It’s the End of Standardized Testing as We Know It: M-A Adopts the Common Core
September 29, 2013
Say goodbye to the tiring repetition of bubbling circle after circle. Significant changes are coming to the standardized testing routine at M-A this upcoming year, with the administration pushing a change to the Common Core assessments, a test they think will show more accurate results into the learning process.
Until this year, M-A has used the Academic Performance Index (API), a state-wide marker that takes into account a variety of factors – with an emphasis on test scores – to indicate a school’s performance any given year. The Sequoia Union High School District, as a whole, has performed relatively well on the API in recent years, with M-A consistently receiving high scores, well above the California requirement.
Although it may be too soon to tell, administrators believe these positive results on the API can be credited to the changes in teaching strategies employed across campus. This, however, doesn’t mean that writing the “What?/Why?/How?” objectives at the front of classrooms directly affects California Standardized Testing and Reporting (STAR) or California High School Exit Exam (CAHSEE) scores.
Instead, Instruction Vice-Principal Steve Lippi believes theses new teaching techniques place a heavier emphasis on “student engagement strategies,” strategies that make it “less likely you have the student fading in the back of the room.”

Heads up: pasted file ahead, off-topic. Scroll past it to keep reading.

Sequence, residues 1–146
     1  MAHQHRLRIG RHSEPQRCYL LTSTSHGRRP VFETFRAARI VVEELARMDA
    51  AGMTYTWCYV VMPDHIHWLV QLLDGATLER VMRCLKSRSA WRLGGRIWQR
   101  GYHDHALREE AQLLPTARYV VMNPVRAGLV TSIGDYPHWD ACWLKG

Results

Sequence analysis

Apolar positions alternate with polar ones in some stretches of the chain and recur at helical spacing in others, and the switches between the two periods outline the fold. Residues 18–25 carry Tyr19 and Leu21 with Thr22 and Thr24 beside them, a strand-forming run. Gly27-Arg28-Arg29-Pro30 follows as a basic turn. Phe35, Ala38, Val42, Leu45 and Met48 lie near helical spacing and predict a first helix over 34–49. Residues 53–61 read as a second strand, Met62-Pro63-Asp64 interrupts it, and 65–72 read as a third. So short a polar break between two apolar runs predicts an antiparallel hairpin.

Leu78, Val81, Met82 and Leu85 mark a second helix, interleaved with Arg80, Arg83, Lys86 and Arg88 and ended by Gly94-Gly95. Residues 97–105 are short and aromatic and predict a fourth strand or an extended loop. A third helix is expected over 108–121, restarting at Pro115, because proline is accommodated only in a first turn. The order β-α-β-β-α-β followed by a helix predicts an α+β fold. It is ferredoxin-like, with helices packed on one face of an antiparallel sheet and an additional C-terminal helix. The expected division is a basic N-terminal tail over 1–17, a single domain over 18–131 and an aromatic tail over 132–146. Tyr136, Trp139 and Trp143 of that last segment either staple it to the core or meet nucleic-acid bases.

According to Lippi, this creates a dynamic where students are engaged in the classroom, which leads to better learning and retention as students are interacting with the material they are learning.
These strategies are designed primarily to help educate students, not increase their test scores, so upward trend on CAHSEE and STAR results is not as meaningful to the administration as diagnosing whether students are really learning. As a result, M-A – along with much of the state – will transition to the Common Core assessments to evaluate school performance.
The Common Core will take into account more than the API in measuring a school’s achievement for a school year; it looks English language learners, Advanced Placement (AP) Test results, and graduation rates, among other things. More importantly for students, the standardized testing process will take a new shape.
M-A’s new testing process will revolve around computerized tests, that focus more on understanding and critical thinking problems, as opposed to bubble-in questions. While the testing process itself is not finalized, the goal is to create a system that rewards students for their work, not merely their answers. Again, this change is directed towards accurately measuring if students are actually learning to think critically and respond to problems, a diagnostic that will ideally demonstrate meaningful results on behalf of the school.
This process is an entirely new one so there may be some issues with the transition to the Common Core. First off, the administration is wondering if the school will have the bandwidth capacity to allow every student at M-A to take a computerized test simultaneously. More importantly, there is worry over a drop in scores in the chaos of the transition. While this is a possibility, it is likely one that would occur statewide.